China’s worst cash crunch in at least seven years has intensified after its central bank, the People’s Bank of China (PBOC) declined to inject funding into the financial system and intensified the pressure on the country’s overextended lenders.
The PBOC’s policy of inaction has upset the expectations of banks, many of which assumed that Beijing would follow its traditional policy of providing large cash injections. According to credit ratings agency (CRA) Fitch, so-called ‘shadow lending’ has gone awry and a banking crisis could develop in the short term if liquidity remains tight.
State-run newspaper the
China Securities Journal
commented that China had reached a turning point in its monetary policy, indicating that the cash crunch might continue for some time. “We cannot use as fast money supply growth as in the past, or even faster, to promote economic growth,” the newspaper stated. “This means that authorities must control the pace of money supply growth.”
China’s one-year interest rate swap showed the sharpest rise since August 2011, while short-term interbank rates jumped more than 200 basis points to a record high of nearly 8% for loans of one month or less. There are growing concerns that housing costs are rising too quickly in China, with data showing that the prices of new homes rose in 69 0f the 70 cities tracked by the government in May.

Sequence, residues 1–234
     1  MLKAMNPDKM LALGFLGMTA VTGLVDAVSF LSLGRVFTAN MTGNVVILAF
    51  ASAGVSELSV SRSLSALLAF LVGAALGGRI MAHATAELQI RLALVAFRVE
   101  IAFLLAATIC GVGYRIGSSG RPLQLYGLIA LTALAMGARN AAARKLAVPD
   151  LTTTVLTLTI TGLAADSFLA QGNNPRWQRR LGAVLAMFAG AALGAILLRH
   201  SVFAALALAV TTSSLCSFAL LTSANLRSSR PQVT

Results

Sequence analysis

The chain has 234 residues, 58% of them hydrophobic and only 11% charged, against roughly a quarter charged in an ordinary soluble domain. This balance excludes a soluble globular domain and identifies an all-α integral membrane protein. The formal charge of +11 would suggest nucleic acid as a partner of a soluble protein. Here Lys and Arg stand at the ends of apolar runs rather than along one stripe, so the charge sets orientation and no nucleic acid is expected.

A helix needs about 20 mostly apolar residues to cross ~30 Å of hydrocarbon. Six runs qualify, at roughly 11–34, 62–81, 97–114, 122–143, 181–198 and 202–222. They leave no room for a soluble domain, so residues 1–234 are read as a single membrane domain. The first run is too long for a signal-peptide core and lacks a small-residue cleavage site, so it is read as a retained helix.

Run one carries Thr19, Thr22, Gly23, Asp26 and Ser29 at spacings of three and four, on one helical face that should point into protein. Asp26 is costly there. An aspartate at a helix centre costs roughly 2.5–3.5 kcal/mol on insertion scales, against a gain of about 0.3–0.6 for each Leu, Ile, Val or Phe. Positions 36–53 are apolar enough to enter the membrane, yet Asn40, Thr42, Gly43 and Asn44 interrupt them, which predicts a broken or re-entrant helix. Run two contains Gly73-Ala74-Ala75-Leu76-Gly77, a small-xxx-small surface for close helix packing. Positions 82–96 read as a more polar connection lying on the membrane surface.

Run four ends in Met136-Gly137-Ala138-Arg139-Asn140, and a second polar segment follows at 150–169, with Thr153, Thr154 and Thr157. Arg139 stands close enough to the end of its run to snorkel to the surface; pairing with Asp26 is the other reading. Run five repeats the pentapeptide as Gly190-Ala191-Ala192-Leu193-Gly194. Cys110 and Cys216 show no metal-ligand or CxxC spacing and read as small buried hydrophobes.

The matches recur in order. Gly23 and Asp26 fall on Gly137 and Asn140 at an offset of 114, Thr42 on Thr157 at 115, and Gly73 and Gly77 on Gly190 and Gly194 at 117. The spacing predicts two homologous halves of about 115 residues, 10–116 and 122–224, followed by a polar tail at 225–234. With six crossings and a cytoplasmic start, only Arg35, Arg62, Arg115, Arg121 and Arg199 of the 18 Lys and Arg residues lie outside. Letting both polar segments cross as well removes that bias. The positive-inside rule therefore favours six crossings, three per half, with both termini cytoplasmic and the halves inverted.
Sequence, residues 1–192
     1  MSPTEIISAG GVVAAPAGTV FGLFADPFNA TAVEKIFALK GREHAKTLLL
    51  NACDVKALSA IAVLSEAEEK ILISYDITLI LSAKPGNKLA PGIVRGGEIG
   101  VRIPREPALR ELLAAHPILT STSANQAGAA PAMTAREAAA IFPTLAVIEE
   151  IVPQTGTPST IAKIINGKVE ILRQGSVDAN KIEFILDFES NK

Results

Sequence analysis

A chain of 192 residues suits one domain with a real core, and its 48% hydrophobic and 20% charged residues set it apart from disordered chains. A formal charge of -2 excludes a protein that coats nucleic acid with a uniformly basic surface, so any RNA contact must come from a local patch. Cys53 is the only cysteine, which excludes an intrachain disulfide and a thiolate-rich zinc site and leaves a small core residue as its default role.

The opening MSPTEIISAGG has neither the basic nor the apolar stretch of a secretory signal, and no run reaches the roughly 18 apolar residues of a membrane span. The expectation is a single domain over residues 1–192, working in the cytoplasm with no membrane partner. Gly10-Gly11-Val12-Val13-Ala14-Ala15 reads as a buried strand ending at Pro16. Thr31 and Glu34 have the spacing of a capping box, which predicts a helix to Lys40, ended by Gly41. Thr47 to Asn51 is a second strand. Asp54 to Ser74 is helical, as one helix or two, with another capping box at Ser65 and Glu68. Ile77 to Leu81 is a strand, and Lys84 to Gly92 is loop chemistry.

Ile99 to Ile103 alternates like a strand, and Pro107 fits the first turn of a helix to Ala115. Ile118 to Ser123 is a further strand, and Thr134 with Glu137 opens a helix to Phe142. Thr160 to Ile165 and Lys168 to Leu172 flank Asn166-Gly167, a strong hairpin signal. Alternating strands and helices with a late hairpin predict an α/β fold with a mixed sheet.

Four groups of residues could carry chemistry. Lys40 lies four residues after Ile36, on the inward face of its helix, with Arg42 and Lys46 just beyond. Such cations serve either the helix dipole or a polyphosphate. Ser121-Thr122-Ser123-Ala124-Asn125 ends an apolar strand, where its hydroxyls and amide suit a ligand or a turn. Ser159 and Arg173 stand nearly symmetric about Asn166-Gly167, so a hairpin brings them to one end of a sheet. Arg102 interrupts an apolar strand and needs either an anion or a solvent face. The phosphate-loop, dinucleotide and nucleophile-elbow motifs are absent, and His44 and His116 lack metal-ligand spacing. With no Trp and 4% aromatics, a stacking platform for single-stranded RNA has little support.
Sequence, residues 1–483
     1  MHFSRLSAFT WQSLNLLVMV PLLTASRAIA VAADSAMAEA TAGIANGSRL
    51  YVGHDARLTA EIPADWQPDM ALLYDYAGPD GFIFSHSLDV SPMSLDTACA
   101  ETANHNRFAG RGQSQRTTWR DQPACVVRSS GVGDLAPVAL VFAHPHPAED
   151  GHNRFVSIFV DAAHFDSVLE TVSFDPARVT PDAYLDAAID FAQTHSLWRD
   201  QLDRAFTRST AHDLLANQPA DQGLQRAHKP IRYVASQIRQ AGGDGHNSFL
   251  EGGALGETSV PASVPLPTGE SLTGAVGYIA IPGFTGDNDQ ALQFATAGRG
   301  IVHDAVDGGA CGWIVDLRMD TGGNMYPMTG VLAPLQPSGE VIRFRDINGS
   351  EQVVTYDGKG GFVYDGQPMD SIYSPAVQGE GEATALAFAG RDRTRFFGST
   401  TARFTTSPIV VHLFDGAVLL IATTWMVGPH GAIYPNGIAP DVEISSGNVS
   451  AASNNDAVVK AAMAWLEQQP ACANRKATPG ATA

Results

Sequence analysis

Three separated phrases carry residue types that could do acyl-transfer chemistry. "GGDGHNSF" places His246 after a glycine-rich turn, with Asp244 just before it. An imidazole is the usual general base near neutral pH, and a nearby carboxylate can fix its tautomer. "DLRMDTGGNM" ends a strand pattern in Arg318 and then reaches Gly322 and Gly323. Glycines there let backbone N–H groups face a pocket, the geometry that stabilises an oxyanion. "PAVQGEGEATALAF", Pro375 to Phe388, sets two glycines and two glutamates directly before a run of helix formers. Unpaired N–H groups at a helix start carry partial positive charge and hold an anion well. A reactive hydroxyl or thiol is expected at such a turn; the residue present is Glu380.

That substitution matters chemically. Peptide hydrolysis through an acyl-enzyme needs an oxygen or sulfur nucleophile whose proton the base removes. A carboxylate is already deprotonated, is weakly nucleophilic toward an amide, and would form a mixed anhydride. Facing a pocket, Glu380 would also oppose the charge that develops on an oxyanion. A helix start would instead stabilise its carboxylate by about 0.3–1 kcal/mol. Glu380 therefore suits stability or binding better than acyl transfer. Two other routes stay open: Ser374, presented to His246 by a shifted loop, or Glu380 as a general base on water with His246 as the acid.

Overall credit growth in China has run at around 22% to 23% since the start of 2013, against 20% last year and reflecting a sharp increase in ‘shadow’ lending by trust companies and by banks through off-balance-sheet vehicles.
The US money market fund reforms came into effect in 2016 and are already dramatically shaping US fund industry with investors flooding out of prime funds and into government securities. While the reforms are similar, they are not the same. GTNews interviews Yeng Bulter, global head of the cash business at State Street Global Advisors on the differences.
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